Back in Melbourne

The night I was packing to return to Melbourne my wife rang and told me to expect to be met with locked doors.  I hung up on her and proceeded.  After three weeks sleeping on my son's top bunk, I was told my wicked ways were unbearable for her and was told I must depart.

I guess this was a good 42nd birthday present....

The right time for a mid-life crisis....

These photos were taken at Southern Cross station.  I think I preferred the old Spencer Street station.  I did not ride the bike with all that on, but it was good for walking between platforms.  I traveled by bus from Melbourne airport to the train station.

Friday, March 25, 2011

Another trip to Yirrkala

The bike computer said 20.19km in 55 mins, non-stop this time, left Nhulunbuy just after 9am, arrived just before 10am at the Yirrkala art gallery.  This was Saturday 19 March.  It was getting hot the last little way.  At Yirrkala I met someone I knew and got a lift back to Nhulunbuy in a 4WD, 80 series Toyota Land Cruiser, 4.2 litre diesel.  Probably another world first, NS22 in back of 4WD Yirrkala to Nhulunbuy.

On arrival at Yirrkala I leant my bike against a tree, it fell over.

None other than Djambawa Marawili happened to be nearby and alerted me to the bike fall.

He had just returned from Sydney, where an exhibition of his works had just been opened.  I spoke with him for about 10 minutes, he said the coming of the mine 40 years ago had its good and bad points, it brought drugs and alcohol, he said "many people did not look after themselves, they let their children run around like mad dogs".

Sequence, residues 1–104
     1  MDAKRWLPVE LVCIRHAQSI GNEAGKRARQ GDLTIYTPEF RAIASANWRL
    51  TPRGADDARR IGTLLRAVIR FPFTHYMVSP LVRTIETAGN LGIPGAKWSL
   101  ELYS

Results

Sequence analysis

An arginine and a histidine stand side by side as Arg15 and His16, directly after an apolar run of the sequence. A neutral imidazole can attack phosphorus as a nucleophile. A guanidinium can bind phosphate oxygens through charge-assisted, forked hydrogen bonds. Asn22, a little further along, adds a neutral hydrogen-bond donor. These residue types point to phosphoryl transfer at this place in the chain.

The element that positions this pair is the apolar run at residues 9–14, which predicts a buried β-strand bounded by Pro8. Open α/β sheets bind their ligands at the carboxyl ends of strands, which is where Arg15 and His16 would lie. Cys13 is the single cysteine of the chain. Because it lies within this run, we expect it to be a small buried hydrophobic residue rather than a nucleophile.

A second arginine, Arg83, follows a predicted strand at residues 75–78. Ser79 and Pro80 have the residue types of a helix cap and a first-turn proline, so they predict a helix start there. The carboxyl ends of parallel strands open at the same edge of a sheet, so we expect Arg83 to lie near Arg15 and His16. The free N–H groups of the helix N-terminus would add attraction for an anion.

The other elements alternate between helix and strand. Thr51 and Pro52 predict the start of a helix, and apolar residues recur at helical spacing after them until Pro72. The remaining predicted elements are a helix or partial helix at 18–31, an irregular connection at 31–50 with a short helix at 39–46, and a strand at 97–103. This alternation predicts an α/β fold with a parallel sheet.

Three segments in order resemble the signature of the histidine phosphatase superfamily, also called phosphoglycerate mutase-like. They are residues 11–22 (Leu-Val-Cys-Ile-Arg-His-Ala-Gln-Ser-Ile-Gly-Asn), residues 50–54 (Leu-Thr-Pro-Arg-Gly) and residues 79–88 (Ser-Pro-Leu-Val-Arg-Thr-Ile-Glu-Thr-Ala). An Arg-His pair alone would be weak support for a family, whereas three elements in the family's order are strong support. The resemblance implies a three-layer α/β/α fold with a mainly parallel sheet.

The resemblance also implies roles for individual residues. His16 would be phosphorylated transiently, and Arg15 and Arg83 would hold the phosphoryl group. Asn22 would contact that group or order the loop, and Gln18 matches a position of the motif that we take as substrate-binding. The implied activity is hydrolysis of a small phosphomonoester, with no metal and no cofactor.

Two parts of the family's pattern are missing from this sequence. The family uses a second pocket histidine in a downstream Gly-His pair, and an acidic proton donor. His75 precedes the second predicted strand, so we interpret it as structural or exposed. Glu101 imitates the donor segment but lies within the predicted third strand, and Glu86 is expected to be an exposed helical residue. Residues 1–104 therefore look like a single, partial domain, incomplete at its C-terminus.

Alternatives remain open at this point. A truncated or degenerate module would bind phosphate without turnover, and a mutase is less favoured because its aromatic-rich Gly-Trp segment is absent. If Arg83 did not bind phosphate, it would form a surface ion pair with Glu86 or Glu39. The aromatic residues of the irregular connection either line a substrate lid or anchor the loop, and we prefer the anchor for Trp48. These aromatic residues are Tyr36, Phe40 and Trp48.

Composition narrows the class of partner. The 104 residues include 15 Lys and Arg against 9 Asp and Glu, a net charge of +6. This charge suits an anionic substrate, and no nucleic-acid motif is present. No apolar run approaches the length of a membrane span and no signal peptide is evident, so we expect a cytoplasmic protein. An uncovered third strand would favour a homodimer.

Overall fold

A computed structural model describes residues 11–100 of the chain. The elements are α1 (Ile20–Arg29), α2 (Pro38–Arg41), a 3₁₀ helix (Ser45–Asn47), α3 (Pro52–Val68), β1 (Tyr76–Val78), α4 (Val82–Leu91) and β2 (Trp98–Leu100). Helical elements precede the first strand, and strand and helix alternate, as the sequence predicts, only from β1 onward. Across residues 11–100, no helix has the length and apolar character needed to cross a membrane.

The gallery gave me a catalogue of the Sydney exhibition, Mr Marawili kindly signed the inner cover for me.  I helped him load his bags into the car that arrived to transport him and his wife (also pictured) away.  This gentleman is both wise and talented, I recommend his art works to everyone.  I did not speak with his wife, but no doubt she is also an accomplished artist.  Her works are also exhibited in Sydney.  Her name is one of the two on the back cover of the catalogue I am holding.  I meant to hold it the other way, Djambawa Marawili is the name on the front.  

Yes, so now you know, middle aged bald men ride NS22s in the Northern Territory.  Along the way I saw a buffalo, a few km before Yirrkala, but one look at the NS22 and it took off in fright.

Some of the artworks displayed at Yirrkala.


A Nhulunbuy neighbour kindly sprayed my bike chain with some motorbike chain lube.  It was getting a bit squeaky.  The NS22 has done 678.6km since I fitted the computer.  I need to oil other parts also, I have acquired about 200ml of motor oil in an old jam jar just for that purpose.

Tuesday, March 1, 2011

30kg carried 6km on front rack

On Sunday I went out to see what delights could be found at the local tip.

I skipped the bin for fish and cane toad refuse.  I found a pile of scaffold clamps and old welding rods, they seemed too good to leave behind, also seemed a good trial of the load carrying abilities of this machine.